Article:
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Bug 64150 - Generate layer.xml& into resources folder
Generate layer.xml& into resources folder
Product: apisupport
Classification: Unclassified
Component: Project
All All
: P1 (vote)
: 5.x
Assigned To: Jesse Glick
Depends on:
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Reported: 2005-09-12 16:56 UTC by Jan Lahoda
Modified: 2005-12-02 21:35 UTC (History)
3 users (show)

See Also:


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Description Jan Lahoda 2005-09-12 16:56:34 UTC
When a new project is created, the layer.xml and (which
provides localization for manifest) are by default generated under
<code-name-base>/ folder. I would suppose these are generated under the
<code-name-base>/resources folder.
Comment 1 Martin Krauskopf 2005-09-12 17:18:53 UTC
+1 from me. I'm rewritting those two fields everytime in the same manner. Please
consider and reassign.
Comment 2 Jesse Glick 2005-09-12 22:58:12 UTC
A nice thought but no. If we do that, there will be nothing in the "main"
package, meaning that when the user first goes to create a new class, or
something from a wizard, the default package that gets selected in the dropdown
will be "" (since only nonempty packages are presented
as choices). Many users will not see our logic in using a "resources" subfolder,
so they will just leave the default unedited and wind up putting everything in
this package, which would be bad.
Comment 3 Vladimir Voskresensky 2005-12-02 12:23:18 UTC
+1 from me.
Jesse, I don't agree with your explanation. It's developer based, not user
based. From user POV, it's expected to have "empty" package "",
but to have bundle and layer.xml in correct "" place.

From implementation POV, it's easy to handle:
 1) with simplest flag on empty "" folder (remember, that it was
created from wizard)
 2) not finish module wizard, but continue with the "add new Module Developement
Element" (for example propose to add something as in File->New File->Netbeans
Module Developement), because it's strange to stop on the creating only modules
folder with bundle and layer files. It's usual user scenario to continue then
with File->New File->Netbeans Module Developement
 3) even creating useless class in "" is more user friendly than
current behavior, because you need to delete only one file, while in current
solution you have to "move two files in different package"
Comment 4 Jaroslav Tulach 2005-12-02 13:26:45 UTC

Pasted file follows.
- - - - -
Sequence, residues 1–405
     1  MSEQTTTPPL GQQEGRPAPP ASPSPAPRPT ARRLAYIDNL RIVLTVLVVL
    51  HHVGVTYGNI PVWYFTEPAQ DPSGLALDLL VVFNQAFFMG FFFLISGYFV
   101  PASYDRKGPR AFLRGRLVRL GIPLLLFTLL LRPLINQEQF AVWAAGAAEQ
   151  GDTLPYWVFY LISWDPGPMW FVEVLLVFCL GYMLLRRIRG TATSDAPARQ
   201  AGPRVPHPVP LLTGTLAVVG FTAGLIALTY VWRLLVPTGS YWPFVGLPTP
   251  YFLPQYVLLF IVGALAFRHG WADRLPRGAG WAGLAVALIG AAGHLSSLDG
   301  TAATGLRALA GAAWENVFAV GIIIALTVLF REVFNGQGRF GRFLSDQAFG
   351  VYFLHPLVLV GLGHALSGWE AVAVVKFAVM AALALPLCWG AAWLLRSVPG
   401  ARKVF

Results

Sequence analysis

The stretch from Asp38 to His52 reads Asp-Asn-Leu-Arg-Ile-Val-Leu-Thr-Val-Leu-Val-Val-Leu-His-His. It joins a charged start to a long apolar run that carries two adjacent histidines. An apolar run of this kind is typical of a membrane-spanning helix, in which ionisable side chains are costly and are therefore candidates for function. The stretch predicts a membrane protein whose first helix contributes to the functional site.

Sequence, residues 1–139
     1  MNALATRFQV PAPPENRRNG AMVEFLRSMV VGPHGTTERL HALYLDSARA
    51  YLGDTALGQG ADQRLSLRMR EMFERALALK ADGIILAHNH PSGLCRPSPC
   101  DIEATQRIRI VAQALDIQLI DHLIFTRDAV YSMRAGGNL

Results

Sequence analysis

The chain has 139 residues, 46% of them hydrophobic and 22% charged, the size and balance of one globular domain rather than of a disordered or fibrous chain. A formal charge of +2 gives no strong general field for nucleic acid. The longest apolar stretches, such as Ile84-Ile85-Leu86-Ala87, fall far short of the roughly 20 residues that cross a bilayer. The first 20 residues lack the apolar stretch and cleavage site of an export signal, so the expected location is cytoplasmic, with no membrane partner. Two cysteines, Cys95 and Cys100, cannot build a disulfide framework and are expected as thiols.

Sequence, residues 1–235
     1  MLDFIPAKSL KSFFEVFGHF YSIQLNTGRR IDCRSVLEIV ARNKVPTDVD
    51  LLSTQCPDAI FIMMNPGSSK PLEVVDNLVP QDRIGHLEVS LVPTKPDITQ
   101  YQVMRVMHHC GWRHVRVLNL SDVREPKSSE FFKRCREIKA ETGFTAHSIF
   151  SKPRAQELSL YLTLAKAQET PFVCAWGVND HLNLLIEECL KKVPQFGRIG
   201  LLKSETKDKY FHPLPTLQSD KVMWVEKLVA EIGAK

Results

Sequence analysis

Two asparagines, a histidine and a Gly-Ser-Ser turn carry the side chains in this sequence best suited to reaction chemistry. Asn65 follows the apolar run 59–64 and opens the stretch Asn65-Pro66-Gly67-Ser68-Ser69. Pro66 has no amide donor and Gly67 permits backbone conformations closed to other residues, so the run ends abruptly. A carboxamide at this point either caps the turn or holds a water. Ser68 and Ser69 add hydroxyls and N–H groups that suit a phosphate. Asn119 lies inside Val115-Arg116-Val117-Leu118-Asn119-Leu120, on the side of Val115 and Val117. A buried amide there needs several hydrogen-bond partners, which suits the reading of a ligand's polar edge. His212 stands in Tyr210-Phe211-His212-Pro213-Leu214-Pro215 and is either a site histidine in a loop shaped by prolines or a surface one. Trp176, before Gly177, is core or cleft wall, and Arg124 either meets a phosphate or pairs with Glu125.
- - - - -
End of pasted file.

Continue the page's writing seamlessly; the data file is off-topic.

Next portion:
Radim once expressed opinion that we have too many useless subpackages in our 
Comment 5 Jesse Glick 2005-12-02 21:35:05 UTC
I don't think any of the proposed solutions are safely implementable. The
arguments may be "developer based" but we can't solve every user problem without
compromise - there is a cost.

Re. #1 - we do not want to keep magical hidden info about a project that does
not correspond to what is on disk. The package view needs to show a predictable
view based solely on what folders and files actually exist. Otherwise we get
into tangled semantic arguments about what different actions should mean.

Re. #2 - inconsistent with other project types, and not necessarily what the
user wanted anyway: perhaps one of the wizards is desired, but perhaps regular
Java coding is wanted for now. Also we discourage putting too many steps into a
single wizard unless they are clearly related, as the user will get distracted
and overwhelmed.

Re. #3 - strange. Would likely confuse people.

Anyway I am not convinced that this RFE is of much value to the average external
module developer, which is our primary audience. The .resources package naming
convention is just a historical precedent in NB module sources, but it has no
great value for module development. (In fact, I would argue that layer.xml is
significant enough to be found in a "main" package normally, and for a
one-package module which will have various localized strings it is often more
convenient to have a single

Finally, it is not very difficult to insert "resources/" into the text fields
for the locations of layer.xml and in the project creation
wizard, if this is what you want to do. It does not seem to me that saving this
short step for those developers who wish to follow the .resources convention is
worth the possible problems introduced by a solution.

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